House tees up vote to delay IRS rules on tax-exempt groups

The House next week is expected to pass a bill to delay pending IRS regulations aimed at limiting the political activities of certain tax-exempt groups.

GOP leaders are expected to call up a bill from House Ways and Means Committee Chairman Dave Camp (R-Mich.), the Stop Targeting of Political Beliefs by the IRS, H.R. 3865. Rep. Kevin Brady (R-Texas), a member of the committee, said this week that Camp's bill would get a vote in the coming days.

"This will come to a House vote next week," he told the Family Research Council's Washington Watch Radio.

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The legislation is a reaction to a rule the IRS proposed in November that would prohibit 501(c)(4) organizations with tax-exempt status from doing voter registration and performing other "get out the vote" activities. The IRS says its aim is to clearly define what activities these groups can participate in and still maintain their tax-exempt status.

But some Republicans see the regulation as a follow-up to the controversial IRS policy of examining only the tax-exempt status of conservative groups. Camp said his committee investigated the IRS targeting scandal, and found that the IRS selected only conservative groups to audit.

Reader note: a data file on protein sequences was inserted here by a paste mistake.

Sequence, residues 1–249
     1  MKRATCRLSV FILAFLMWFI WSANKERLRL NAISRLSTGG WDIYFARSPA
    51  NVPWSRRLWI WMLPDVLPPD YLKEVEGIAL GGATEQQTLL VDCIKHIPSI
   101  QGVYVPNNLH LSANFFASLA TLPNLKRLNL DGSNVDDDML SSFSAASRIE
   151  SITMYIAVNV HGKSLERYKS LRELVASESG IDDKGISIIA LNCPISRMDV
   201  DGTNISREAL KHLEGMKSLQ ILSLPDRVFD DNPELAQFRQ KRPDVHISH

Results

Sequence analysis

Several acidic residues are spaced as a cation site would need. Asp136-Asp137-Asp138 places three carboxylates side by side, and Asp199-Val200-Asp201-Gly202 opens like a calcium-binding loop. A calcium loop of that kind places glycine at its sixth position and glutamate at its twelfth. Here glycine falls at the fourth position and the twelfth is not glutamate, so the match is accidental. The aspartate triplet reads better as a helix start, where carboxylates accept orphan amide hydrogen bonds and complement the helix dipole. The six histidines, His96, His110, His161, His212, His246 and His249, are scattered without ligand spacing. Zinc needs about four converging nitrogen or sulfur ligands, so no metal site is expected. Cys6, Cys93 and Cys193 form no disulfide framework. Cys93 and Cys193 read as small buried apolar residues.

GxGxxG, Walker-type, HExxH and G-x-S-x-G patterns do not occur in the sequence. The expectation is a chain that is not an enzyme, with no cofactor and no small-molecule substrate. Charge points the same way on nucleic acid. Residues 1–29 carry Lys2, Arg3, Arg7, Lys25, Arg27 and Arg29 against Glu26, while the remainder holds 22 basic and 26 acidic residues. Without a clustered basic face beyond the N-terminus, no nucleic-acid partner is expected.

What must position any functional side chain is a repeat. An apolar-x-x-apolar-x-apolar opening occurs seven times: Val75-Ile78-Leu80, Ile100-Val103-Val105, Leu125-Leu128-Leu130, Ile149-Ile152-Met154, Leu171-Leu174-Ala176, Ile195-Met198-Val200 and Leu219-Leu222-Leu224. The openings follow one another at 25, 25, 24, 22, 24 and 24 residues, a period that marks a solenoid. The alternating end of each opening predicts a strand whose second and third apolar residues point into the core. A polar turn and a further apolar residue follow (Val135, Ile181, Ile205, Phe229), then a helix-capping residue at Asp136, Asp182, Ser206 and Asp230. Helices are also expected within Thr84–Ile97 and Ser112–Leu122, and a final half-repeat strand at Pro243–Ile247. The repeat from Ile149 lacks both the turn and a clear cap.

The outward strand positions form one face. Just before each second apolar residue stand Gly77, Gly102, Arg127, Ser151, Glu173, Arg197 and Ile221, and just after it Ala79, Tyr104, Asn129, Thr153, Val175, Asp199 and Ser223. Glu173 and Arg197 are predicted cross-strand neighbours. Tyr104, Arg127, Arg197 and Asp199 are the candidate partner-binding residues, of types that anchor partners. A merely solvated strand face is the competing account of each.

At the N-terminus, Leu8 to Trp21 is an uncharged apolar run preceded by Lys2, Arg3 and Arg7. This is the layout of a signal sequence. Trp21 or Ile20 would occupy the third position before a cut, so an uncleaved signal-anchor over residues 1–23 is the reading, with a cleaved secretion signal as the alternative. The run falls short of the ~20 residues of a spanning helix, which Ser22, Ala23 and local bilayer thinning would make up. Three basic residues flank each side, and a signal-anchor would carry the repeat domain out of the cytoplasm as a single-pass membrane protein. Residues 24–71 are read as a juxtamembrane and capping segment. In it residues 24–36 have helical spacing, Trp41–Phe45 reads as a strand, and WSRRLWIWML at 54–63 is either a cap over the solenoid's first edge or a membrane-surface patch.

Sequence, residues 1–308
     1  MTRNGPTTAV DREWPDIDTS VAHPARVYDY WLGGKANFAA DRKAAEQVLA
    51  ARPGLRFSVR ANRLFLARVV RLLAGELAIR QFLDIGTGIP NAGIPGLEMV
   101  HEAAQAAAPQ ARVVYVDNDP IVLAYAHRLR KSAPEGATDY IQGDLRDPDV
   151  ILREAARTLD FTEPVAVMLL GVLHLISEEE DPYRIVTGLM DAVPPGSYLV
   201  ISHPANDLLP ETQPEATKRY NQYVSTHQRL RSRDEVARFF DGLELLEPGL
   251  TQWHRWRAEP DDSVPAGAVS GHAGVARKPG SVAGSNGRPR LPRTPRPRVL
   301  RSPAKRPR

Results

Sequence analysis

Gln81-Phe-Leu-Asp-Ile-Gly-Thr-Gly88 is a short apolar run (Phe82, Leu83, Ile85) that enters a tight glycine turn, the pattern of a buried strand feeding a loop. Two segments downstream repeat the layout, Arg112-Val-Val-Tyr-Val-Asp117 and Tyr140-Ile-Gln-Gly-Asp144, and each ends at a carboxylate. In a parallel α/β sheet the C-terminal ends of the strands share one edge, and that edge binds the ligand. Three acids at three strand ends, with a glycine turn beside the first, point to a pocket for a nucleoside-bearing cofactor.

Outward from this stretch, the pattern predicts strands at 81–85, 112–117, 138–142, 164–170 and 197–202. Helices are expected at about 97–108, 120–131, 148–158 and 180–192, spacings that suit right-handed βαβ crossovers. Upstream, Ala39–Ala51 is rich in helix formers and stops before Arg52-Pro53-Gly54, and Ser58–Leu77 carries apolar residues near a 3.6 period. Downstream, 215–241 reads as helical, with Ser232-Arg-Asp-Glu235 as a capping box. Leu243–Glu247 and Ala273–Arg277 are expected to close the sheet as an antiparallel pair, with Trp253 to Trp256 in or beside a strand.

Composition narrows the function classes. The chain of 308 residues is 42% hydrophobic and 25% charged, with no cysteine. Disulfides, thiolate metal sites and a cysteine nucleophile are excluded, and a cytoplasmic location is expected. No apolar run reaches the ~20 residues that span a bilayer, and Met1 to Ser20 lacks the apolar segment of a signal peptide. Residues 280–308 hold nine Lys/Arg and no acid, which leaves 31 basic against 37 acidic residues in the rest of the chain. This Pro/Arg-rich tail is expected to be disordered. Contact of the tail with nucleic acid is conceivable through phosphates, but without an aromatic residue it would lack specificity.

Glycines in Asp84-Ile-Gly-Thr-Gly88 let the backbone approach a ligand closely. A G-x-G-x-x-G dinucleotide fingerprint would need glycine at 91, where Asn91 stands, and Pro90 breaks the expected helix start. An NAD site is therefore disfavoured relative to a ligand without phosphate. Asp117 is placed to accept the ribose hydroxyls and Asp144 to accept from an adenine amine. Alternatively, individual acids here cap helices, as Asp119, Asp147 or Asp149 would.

Camp said a delay of the IRS rule is needed while his committee investigates further.

"Despite the Administration’s insistence that 'there's nothing to see here,' the Committee has found evidence demonstrating that right-leaning groups were targeted to an extent far beyond what was reported by the Inspector General," Camp said in January. "Our investigation is still ongoing and the Committee has not received all the requested documents.

"It is premature to publish new rules before getting all of the facts."

Camp also argues that the 501(c)(4) groups are exercising their rights, and that the IRS should not be in the business of trying to limit their work.

"We cannot allow these draft regulations to go into effect," he said. "Congress must make sure every American’s right to participate and engage in civic debate is protected, and this legislation will provide some much-needed assurance that IRS targeting and surveillance will not continue."

Camp's bill would delay the IRS rule for one year; the IRS is still taking public comment on it through Feb. 27.

In his radio interview, Brady predicted the bill would easily pass the House, but acknowledged it could stall in the Senate.

"We expect a very strong vote in the House, certainly among us Republicans," he said. "It's going to face a challenge, obviously, in the Senate." 

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